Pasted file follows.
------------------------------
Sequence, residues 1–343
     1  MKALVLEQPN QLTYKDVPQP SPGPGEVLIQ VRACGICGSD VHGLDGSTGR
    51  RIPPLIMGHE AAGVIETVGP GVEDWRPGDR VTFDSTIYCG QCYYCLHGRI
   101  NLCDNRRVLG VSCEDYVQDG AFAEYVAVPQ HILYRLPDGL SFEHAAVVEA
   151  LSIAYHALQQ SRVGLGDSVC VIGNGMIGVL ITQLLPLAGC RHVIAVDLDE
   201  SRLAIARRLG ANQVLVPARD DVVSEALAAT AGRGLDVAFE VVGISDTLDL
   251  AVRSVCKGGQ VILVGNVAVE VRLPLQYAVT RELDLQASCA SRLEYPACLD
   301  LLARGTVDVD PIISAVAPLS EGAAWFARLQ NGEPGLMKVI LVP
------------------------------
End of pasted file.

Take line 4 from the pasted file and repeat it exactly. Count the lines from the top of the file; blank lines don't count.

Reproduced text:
   101  NLCDNRRVLG VSCEDYVQDG AFAEYVAVPQ HILYRLPDGL SFEHAAVVEA